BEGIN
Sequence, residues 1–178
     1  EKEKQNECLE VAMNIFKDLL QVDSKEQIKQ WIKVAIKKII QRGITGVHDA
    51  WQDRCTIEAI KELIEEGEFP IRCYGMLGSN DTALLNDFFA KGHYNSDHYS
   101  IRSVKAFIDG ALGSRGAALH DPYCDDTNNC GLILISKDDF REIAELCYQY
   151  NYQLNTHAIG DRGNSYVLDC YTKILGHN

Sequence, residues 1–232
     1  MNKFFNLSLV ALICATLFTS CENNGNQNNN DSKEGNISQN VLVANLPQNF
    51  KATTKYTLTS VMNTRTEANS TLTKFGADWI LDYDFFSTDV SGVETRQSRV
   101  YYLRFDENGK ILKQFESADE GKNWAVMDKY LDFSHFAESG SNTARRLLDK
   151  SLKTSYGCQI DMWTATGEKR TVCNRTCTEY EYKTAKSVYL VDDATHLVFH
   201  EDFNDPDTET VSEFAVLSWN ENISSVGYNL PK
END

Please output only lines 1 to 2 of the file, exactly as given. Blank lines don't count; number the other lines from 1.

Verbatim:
Sequence, residues 1–178
     1  EKEKQNECLE VAMNIFKDLL QVDSKEQIKQ WIKVAIKKII QRGITGVHDA